Introduced earlier this week on the MasterCard newsroom, the credit card company has partnered with Standard Chartered Bank Singapore in order to release an interactive payment card that looks similar to a pocket calculator. Located at the top right corner of the card, a member of Standard Chartered Bank Singapore will find a liquid-crystal display that shows up to six digits. Along the bottom front of the card, the user will find a a ten-digit keypad. There’s also an “OK” button to confirm the number entry and a “C” button to clear the number currently being displayed on the small LCD. At the bottom right corner of the card, the user will find a “ON/OFF” power button to activate the display.
This card has been designed for transactions that require a higher level of authorization. When a new cardholder first acquires the card, they will be able to generate a one-time password as an authentication security measure for the future. Regarding uses for this new security feature, the Standard Chartered Bank Singapore is using it for transactions above a specific amount, altering personal details connected to the account number and adding third party payees to an account.
When asked about the new interactive payment card, Matthew Driver, division president of MasterCard Worldwide in South East Asia, stated “With the continued growth in online and now mobile initiated remote payments, consumers are naturally demanding increased security. The innovative features of the Display Card serve to address this need, whilst empowering consumers to do so much more with their payment cards.”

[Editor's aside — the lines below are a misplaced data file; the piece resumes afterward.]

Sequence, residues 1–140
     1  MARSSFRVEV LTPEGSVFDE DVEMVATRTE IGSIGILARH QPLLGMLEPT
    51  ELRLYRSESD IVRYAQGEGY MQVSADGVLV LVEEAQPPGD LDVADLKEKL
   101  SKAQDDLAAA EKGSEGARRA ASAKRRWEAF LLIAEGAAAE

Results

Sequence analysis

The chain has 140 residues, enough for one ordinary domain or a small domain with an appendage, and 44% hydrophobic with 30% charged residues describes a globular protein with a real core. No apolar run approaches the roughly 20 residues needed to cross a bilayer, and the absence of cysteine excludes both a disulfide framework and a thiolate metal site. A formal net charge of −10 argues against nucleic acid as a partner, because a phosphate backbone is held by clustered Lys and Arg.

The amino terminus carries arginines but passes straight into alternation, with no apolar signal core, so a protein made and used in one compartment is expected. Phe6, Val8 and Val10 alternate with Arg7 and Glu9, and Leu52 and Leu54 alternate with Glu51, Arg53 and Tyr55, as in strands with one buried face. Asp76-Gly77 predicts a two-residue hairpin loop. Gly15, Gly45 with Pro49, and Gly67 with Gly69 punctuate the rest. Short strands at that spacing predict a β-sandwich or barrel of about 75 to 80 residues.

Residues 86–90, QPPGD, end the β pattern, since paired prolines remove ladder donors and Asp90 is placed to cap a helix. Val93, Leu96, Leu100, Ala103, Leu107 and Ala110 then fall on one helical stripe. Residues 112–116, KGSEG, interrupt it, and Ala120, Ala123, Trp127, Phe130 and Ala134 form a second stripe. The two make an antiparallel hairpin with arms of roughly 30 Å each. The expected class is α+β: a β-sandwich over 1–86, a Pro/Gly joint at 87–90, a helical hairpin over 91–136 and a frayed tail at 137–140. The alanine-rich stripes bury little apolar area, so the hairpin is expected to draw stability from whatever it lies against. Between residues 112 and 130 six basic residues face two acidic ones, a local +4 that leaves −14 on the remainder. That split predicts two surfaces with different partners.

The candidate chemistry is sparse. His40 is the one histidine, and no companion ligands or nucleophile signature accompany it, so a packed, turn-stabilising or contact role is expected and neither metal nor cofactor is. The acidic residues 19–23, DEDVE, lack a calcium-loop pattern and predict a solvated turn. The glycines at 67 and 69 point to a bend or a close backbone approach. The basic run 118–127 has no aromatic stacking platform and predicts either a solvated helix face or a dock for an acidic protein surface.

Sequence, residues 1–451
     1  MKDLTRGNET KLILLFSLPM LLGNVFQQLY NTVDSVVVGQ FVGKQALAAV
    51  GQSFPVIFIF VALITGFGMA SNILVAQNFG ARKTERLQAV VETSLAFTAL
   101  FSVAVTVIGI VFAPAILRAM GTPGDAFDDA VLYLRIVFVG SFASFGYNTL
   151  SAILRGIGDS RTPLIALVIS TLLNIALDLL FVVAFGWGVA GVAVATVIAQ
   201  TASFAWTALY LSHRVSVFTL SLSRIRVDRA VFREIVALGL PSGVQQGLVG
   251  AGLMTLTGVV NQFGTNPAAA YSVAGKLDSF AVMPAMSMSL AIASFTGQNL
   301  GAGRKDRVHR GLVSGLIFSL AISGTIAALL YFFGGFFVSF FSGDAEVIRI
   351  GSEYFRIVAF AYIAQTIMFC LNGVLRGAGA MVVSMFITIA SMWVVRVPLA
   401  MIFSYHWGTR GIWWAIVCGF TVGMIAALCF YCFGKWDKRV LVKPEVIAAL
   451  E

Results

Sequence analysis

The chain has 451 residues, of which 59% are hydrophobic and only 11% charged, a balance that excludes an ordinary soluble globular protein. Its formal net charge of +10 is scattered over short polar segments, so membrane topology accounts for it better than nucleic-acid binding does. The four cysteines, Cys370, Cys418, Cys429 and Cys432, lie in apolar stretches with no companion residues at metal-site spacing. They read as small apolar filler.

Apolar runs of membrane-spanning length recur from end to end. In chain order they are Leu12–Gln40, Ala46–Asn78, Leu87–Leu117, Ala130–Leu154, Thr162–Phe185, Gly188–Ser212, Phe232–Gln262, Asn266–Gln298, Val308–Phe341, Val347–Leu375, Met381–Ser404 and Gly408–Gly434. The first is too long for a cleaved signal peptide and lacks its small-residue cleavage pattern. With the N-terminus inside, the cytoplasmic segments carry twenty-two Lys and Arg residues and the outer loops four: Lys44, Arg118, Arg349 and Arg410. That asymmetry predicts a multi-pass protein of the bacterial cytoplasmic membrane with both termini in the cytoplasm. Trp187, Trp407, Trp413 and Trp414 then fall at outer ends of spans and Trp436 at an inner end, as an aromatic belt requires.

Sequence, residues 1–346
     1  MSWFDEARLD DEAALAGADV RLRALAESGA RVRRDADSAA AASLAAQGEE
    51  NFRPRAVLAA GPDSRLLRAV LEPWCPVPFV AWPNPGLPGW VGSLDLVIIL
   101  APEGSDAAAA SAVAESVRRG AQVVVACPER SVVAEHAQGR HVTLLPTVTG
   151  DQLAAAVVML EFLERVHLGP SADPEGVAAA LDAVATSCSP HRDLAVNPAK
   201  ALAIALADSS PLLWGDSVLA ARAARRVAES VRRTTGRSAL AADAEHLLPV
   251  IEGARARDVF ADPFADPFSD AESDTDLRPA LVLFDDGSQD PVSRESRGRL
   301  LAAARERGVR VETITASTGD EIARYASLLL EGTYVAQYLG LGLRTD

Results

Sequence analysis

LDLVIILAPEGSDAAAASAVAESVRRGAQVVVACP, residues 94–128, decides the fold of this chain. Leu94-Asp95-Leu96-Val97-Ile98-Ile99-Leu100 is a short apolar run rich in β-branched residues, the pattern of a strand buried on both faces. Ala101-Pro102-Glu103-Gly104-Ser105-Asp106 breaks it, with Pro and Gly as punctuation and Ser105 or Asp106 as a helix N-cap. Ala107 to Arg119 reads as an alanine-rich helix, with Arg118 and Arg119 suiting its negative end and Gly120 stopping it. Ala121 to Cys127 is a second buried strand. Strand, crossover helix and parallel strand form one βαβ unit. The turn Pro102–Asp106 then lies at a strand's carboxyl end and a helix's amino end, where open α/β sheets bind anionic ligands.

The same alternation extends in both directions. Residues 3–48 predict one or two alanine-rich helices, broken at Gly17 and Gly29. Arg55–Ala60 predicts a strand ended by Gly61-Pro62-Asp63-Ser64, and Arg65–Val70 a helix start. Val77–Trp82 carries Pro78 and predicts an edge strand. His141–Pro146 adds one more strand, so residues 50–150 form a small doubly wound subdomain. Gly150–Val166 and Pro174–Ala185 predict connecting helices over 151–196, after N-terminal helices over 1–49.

According to MasterCard, the company is also looking into utilizing the LCD display on the card for other functions related to personal finance. For instance, the display could show the current balance on the account or the remaining available credit. Eliminating the need to visit the company’s site to check out this information or wait on a paper statement, the card could also display recent transactions to help catch fraudulent use more quickly or show the current number of reward points currently attached to the cardholder’s account.
The Singapore subsidiary of the London-based Standard Chartered bank will start rolling out the new card to customers around the world during January 2013. As of today, MasterCard hasn’t announced any partnerships with banks within North America that could roll out this technology within the United States.
According to ReadWrite, Visa has a similar card rolled out in Europe. The Visa CodeSure Matrix Display Card offers an eight-digit, liquid-crystal display on the back of the card along with an extremely similar keypad. The battery within the card can last up to three years and customers that want the CodeSure card can use it as a credit, debit or prepaid card. According to Visa, customer service representatives with the banks that issue the card can use the numeric password as a way to prove they are interacting with the person that actually owns the card. The design had been tested within Europe since 2008, but finally launched commercially during late 2011.